The smarten up 5
How many times have you heard the saying, work smarter, not harder?
Easy in theory, but how do you actually put it into practice? How do you work smarter tomorrow than you did today? Enhancing productivity and performance isn’t as simple as just pushing the “smart” button – it’s about doing the right work versus doing “busy” work. To help you deliver on that age-old mantra, we’re taking a look at some of the latest tactics that can help you and your organization work a little bit smarter.
1. EMOTIONAL INTELLIGENCE
Emotional intelligence – or EQ – has risen to the forefront in the last decade. Forbes magazine has even suggested businesses should hire for EQ over IQ.
So what’s the big deal? Studies show that emotional competencies such as self-confidence, empathy, listening, and initiative are better predictors of success than intelligence alone. People with higher EQ are better able to not only recognize their emotions but also understand their subsequent effect on thinking and behavior. Thus, making them more even tempered, better listeners, and ultimately, excellent decision makers.
EQ expert Justin Bariso, founder of Insight, uses the pizza versus praise equation to explain the value of EQ. In one study, subjects were tested to see which was a greater motivator: pizza, praise, or cash. Pizza won in the short term, but praise had more staying power over the long haul. Cash was a distant third.
The take-away is simple, argues EQ organization 6seconds.org: “people drive performance – but, make no mistake – emotions drive people.” Having a better understanding of those emotions can help leaders better analyze and navigate the complexities of policy, personality, and business relations.
2. DIGITAL MANAGEMENT
Online networking platforms, virtual forums, and social publishing tools are transforming business, but that doesn’t necessarily mean it’s easier to manage today’s workforce.
“As the amount of information rapidly exceeds our ability to absorb it, the challenge is to rise above the chatter,” says Athabasca University MBA grad Derek Sidebottom.
Sidebottom’s company, Farside HR, specializes in developing software, gaming and mobile HR strategies, particularly for engaging the millennial workforce. “We can never replace the fundamentals of face-to-face relations,” he acknowledges, however, “we would be crazy not to take advantage of these emerging social and technological platforms to communicate and collaborate across diverse teams, geography and time zones.”
Even farmers in West Africa can use digital technology to enhance their businesses. While studying tech adoption in New Guinea, Dr. Bangaly Kaba, Associate Professor of Management Information Systems at AU, found that by keeping tabs on current market value, farmers were able to negotiate better prices for their crops. Such solutions may appear obvious in hindsight, but it takes trust and a willingness to experiment. But as the New Guinean farmers demonstrated, putting the right tools in the right hands can often have surprising results.
Listen – can you hear the “ohm” echoing from the corporate boardrooms? Mindfulness has become a full blown business fad.
But does it really work? Leaders at Apple, Google and the U.S. Pentagon are convinced it does. Research has shown that meditation reduces stress and improves emotion regulation. It has also been credited with helping boost positive feelings, cultivating a sense of well-being, and enhancing feelings of connection to others.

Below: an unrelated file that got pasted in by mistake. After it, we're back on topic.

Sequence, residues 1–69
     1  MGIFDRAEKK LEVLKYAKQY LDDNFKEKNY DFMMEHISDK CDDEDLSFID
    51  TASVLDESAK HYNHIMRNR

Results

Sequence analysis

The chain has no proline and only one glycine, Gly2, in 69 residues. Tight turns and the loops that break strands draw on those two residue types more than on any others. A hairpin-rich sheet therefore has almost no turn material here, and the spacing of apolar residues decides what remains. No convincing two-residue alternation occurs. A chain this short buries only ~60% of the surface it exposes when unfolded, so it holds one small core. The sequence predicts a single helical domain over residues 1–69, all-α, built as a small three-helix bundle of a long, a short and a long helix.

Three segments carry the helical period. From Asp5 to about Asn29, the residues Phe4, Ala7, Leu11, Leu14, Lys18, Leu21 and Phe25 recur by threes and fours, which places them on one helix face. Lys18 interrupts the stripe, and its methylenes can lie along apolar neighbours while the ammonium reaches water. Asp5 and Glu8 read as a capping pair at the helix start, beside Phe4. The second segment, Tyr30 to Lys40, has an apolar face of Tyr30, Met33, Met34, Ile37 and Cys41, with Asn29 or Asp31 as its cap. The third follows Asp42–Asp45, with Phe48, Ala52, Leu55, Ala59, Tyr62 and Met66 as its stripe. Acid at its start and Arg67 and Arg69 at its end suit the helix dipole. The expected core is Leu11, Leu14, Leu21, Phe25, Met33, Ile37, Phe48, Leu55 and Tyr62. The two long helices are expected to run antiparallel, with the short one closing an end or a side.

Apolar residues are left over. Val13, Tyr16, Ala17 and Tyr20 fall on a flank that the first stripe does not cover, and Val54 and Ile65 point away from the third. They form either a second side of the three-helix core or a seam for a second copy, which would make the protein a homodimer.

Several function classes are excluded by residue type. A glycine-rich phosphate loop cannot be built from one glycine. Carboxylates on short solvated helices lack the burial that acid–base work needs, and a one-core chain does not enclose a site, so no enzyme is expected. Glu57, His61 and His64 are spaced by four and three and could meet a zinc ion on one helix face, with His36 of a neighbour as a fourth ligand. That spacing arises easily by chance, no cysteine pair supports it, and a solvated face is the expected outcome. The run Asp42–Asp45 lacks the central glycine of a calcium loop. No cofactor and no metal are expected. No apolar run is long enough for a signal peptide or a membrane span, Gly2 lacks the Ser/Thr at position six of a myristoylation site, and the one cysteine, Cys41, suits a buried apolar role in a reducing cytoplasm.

A recent article in Harvard Business Review argues that it can help with strategic planning as well. Mindfulness allows for “clarity and generative thinking,” which helps produce more robust strategy.
Bottom line: meditation helps the mind focus and harness creative potential.
“Healthy body, healthy mind” is almost as clichéd as “work smarter, not harder,” and yet often, when companies seek to “trim the fat” among the first things to go are health incentives and employee perks. Instead, says Athabasca University MBA grad Debby Carreau, companies might be wise to invest more in wellness programs and creative benefits that engage employees and boost productivity.
As founder of Inspired HR, Carreau and co. currently fill over 400,000 roles in North American organizations through outsourced staffing solutions. She knows how to get the most out of the HR budget. “When employees are more active, you see fewer sick days, lower levels of depression, and staff are more productive,” says Carreau.
Investing in wellness doesn’t have to be an expensive endeavour – start a lunch-hour running club, arrange a corporate gym membership, or host healthy lunches in-house, she suggests. Burning off those heavy extra calories can help energize both body and brain, helping you (and your organization) become leaner and more efficient.
5. LIFELONG LEARNING
We wouldn’t be a responsible post-secondary institution if we didn’t champion the benefits of lifelong learning. But you don’t have to take it from us; scientist and author Dr. Norman Doidge argues, in “The Brain That Changes Itself,” that our brains have neuroplasticity – which means we can grow and change them, with the right effort. Lifelong learning, he writes, is one of the ways to effect such change. Lifelong learning stimulates certain areas of the brain that aren’t usually stimulated in later adulthood, explains Doidge. Through middle age, we spend most of our time repeating tasks we are familiar with, thereby hardening neuro pathways. Learning something new challenges our brain to open up and forge new pathways, in order to absorb, retain, and then put new information to use.
Whether for professional development, career growth, long-term cognitive health, or its many other benefits, lifelong learning is a valuable organizational attribute.